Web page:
Model inputs, processing and outputs
The main inputs into global climate models are the external factors, also known as forcings, that change the amount of the sun’s energy that is absorbed by the Earth, or how much is trapped by the atmosphere. These include the amount of the sun’s energy that is absorbed by the Earth, greenhouse gases and aerosols. More information on forcings can be found on the global climate system page.
These forcings are run through the model either as a best estimate of past atmospheric conditions, or as part of future greenhouse gas emission scenarios. These are potential pathways for the concentration of greenhouse gases in the atmosphere, based on how technology, energy and land use change over the centuries ahead.
GCMs produce outputs for each grid cell, such as temperature, precipitation, pressure, humidity and wind speed. Because each grid cell is a three-dimensional cube, this information is produced at points both across the earth, as well as for the different layers of the atmosphere – from the surface of the earth to the stratosphere. The climate can be modelled as it evolves over periods of time, which is why GCMs are sometimes known as ‘dynamical’ models.
These model outputs are often referred to by scientists in different ways. When modelling past climate they can be called climate re-analyses and when looking forward at the future climate they can be called climate projections and appear as large numerical text files. The data can then be used by specialised scientists in other types of numerical models to create further outputs. For example, projected rainfall data can be used to understand how water availability will change into the future.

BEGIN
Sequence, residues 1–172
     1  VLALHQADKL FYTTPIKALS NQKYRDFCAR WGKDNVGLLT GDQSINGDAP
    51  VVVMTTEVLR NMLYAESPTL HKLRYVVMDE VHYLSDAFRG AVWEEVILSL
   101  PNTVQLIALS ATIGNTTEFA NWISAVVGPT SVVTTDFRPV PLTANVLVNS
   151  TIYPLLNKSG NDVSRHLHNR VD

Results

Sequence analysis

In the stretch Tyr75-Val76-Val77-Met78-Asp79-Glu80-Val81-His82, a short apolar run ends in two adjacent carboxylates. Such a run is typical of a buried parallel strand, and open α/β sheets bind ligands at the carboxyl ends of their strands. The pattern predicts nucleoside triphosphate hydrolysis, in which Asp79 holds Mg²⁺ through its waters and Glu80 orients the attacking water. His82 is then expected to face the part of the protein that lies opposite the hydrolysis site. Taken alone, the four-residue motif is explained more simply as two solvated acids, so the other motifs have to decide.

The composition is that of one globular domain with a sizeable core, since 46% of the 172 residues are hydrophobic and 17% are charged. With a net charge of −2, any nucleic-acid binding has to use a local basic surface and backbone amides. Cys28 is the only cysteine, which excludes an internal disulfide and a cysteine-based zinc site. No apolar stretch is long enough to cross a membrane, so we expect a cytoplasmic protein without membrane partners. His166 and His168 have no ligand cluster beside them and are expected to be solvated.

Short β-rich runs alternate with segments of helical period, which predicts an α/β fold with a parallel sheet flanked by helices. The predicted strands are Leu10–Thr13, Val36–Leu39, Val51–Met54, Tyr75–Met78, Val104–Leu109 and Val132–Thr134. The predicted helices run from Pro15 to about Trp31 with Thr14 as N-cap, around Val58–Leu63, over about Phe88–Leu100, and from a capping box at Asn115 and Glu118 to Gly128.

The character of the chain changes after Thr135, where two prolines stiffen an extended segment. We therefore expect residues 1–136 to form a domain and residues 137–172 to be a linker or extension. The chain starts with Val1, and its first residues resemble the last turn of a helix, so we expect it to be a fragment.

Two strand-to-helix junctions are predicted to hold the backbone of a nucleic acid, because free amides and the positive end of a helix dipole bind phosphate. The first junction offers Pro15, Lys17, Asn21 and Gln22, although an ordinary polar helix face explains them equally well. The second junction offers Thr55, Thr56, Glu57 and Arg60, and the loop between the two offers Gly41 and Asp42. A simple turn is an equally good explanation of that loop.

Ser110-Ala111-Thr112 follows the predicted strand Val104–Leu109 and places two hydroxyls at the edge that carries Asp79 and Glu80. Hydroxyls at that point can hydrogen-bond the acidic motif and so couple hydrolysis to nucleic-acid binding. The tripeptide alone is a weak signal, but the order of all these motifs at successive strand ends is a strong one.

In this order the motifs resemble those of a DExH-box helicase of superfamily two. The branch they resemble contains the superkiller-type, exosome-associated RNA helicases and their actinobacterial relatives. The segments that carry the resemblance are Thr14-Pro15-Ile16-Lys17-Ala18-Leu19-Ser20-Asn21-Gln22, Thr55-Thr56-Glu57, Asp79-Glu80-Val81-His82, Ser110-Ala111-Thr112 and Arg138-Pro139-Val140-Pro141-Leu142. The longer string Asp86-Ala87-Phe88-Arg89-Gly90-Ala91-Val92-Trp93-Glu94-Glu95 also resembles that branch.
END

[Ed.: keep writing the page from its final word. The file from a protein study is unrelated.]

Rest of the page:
Limitations to using climate system models
GCMs are useful tools to understand our climate and climate change. The data we use to produce the models are based on a rigorous scientific process. But it is important to remember that the model cannot account for the factors that we do not yet understand, such as how quickly we will reduce our greenhouse gas emissions.
- Models also cannot provide detailed date information about events in the future. For example, the projections cannot have month to month or year to year correlation, or simulate the occurrence of a specific observed event (e.g. bushfire) on some given date in the future.
- Different models also use different types of data. Data may be collected from different sources, locations and time periods. Models may also use different combinations of equations. These differences can produce different results for the same greenhouse gas emissions scenario.
- Models make different approximations and assumptions for things that are quite hard for models to get right, like clouds, for example.
- Another source of uncertainty is the natural variability and fluctuations of the climate itself. This can be difficult to model.
How climate system modelling helps us
Modelling the climate system helps us understand how the climate changes over time and what might cause it to respond to different factors. These factors include:
- the complex relationship between atmospheric physical and chemical processes, and the biophysical conditions of the land and oceans
- volcanic eruptions, which can affect the amount of light and heat reaching the Earth’s surface
- increased greenhouse gas emissions, which affect average global temperatures
- changes to land use, such as clearing vegetation or increased human-built environments.
The results from these models provide the information we need to adapt to our changing climate. For example, models provide information such as potential changes in water availability and extreme heat to support decisions on things such as: